- Sub-prime lending
- Low doc lending
- Rigging rates
- Over charging fees
that is NOT what they are really worried about.
They are much more concerned about the Royal Commission drilling down and inspecting the rotten and broken structure of modern Australian banking and how it is regulated.
They understand that any prolonged examination of how modern Australian banking works runs the risk that Henry Ford is claimed to have identified back in the early part of the 20th century.
“It is well enough that people of the nation do not understand our banking and monetary system, for if they did, I believe there would be a revolution before tomorrow morning.”
So what then is it about how modern Australian banking operates that is likely to upset the Australian public if they were better informed?
The core of the problem is that in our system of banking the power to create money has been largely outsourced to private banks and when they create money they do so with a trailing commission attached (interest).
In other words when you borrow from a bank they create the money by the accounting entries that they make when they record the loan. They are not simply recycling money that has been deposited by someone else. If this sounds outlandish – read or watch the following – Bank of England (Video), Bank of England (paper) and Dr Werner
This means that control of public money, one of the tools most critical to the proper functioning of a civilized society, has been given over to private organisations who then unsurprisingly seek to generate profits from that near monopoly control. And as anyone who has followed Australian Banking over the last 20 years will know – we are talking about very juicy profits – extracted from the well squeezed Australian economy.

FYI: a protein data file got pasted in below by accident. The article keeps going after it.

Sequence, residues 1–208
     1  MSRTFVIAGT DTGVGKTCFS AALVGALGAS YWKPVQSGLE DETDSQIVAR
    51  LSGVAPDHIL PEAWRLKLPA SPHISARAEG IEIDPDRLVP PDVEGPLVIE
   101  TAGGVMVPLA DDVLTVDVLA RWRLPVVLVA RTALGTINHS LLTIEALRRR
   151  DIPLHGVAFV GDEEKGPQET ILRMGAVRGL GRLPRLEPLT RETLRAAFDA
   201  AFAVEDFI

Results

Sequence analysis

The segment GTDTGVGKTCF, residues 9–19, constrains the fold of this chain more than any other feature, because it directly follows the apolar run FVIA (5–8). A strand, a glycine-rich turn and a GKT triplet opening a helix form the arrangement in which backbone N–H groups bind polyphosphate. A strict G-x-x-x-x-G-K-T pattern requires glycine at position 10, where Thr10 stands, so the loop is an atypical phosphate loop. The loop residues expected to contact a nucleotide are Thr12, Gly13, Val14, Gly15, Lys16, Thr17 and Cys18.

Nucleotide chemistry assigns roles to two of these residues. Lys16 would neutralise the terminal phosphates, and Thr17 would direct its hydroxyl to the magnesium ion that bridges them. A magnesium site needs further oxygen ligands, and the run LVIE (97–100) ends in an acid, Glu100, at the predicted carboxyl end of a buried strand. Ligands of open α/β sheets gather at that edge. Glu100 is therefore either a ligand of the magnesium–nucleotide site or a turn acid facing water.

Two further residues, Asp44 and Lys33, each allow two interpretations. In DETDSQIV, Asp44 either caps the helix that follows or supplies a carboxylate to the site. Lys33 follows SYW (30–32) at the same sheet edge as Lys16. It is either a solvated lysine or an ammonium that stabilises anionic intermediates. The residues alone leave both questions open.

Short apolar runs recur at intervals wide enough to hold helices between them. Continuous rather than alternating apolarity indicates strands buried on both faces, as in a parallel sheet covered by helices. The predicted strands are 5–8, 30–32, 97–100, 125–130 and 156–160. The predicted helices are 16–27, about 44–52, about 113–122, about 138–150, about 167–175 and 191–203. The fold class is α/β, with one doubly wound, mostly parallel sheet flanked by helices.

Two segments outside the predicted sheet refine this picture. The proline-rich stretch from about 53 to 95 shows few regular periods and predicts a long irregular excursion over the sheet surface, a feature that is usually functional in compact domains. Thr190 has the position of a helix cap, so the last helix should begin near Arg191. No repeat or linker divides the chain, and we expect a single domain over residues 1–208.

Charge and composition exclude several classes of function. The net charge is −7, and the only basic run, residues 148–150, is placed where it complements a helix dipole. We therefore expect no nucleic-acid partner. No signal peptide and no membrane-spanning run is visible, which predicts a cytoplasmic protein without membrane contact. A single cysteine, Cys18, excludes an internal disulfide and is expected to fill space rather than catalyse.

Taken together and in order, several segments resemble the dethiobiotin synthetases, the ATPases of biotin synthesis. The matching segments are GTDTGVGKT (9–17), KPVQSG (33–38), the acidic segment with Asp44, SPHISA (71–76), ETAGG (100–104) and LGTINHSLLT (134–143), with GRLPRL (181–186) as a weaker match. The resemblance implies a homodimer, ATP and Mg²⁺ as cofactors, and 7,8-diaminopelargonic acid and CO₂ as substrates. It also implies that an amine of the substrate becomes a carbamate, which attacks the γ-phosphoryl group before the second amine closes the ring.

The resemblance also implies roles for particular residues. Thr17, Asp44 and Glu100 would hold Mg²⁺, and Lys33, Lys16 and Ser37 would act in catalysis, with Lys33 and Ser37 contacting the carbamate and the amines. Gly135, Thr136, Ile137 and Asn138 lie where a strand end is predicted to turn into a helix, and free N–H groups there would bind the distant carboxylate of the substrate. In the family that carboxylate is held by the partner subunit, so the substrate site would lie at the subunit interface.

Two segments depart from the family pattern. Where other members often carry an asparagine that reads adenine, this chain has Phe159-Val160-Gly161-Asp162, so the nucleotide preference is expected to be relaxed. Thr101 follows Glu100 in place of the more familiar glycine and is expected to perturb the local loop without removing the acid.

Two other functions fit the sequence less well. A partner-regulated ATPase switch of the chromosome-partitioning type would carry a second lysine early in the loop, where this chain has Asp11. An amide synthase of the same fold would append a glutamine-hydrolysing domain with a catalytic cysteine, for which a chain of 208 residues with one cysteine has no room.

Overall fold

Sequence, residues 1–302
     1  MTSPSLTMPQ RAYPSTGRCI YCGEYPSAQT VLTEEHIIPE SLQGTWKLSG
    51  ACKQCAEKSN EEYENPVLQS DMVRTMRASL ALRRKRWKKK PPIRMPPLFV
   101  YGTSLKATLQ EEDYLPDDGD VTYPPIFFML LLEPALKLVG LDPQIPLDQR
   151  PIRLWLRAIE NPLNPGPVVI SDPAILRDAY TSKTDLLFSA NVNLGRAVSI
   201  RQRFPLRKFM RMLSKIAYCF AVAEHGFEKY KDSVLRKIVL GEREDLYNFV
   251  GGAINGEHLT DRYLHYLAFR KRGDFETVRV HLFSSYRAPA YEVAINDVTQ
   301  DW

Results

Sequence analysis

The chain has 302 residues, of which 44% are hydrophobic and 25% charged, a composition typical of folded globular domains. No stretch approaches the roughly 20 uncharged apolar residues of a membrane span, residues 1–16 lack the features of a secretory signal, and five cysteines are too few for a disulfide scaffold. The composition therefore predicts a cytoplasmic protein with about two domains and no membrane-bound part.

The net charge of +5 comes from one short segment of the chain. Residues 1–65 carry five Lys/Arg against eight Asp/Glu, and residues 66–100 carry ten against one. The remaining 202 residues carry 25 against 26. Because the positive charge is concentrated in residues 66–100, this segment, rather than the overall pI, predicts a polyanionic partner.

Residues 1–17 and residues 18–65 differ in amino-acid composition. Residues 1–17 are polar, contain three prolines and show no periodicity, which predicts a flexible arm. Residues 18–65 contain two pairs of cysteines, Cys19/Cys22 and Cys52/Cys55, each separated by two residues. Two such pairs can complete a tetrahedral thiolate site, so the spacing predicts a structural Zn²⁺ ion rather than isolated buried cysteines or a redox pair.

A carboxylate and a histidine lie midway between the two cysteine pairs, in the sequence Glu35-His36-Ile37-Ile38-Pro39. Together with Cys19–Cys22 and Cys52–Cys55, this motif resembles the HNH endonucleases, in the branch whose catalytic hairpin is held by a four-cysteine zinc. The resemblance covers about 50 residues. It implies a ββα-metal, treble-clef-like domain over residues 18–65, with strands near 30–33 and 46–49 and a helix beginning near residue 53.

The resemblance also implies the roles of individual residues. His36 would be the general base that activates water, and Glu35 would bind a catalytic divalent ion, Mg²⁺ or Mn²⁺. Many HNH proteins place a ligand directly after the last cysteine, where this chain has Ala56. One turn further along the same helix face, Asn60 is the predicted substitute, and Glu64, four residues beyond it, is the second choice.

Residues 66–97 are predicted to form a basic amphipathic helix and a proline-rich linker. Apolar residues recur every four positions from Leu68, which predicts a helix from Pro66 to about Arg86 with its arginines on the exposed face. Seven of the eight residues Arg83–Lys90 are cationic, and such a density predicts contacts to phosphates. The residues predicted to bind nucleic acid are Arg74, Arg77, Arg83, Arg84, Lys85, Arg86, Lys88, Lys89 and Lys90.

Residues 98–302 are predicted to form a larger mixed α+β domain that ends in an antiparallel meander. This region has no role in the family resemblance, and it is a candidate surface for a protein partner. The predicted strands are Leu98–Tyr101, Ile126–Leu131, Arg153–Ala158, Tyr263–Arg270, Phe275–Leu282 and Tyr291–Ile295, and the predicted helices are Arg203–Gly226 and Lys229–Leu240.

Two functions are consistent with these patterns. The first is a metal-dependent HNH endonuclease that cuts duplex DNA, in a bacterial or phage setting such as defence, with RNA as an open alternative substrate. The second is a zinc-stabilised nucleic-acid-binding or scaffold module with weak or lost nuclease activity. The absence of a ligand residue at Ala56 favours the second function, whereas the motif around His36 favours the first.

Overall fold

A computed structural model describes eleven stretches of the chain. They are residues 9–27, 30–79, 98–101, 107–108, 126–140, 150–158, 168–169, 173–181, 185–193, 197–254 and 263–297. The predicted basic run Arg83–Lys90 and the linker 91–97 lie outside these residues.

And if that sounds like a very odd thing for a democratic government to have done, it IS a very odd thing and is largely an accident of history.
In essence the introduction of the model of Central banks as “banks of last resort” to limit the damage caused routinely by the booms and busts resulting from the fraudulent practices of private bankers – was a very poor choice.
The simple and sensible alternative was to introduce a supply of interest free public money that the public could use and save in with confidence and limit bankers to the role of inter-mediating transactions in that public money between savers and borrowers (i.e. do what most people think banks are doing – lend the deposits of savers to people who wish to borrow) .
Instead government allowed the bankers to continue their fraudulent lending practices only now with the taxpayer providing a guarantee! TBTF – too big to fail.
A barbaric economic relic from the past that has caused incredible damage to millions of people over the last 100+ years – even when it was more closely regulated than it has been since the dawn of the “financial deregulation” fad in the 1980s.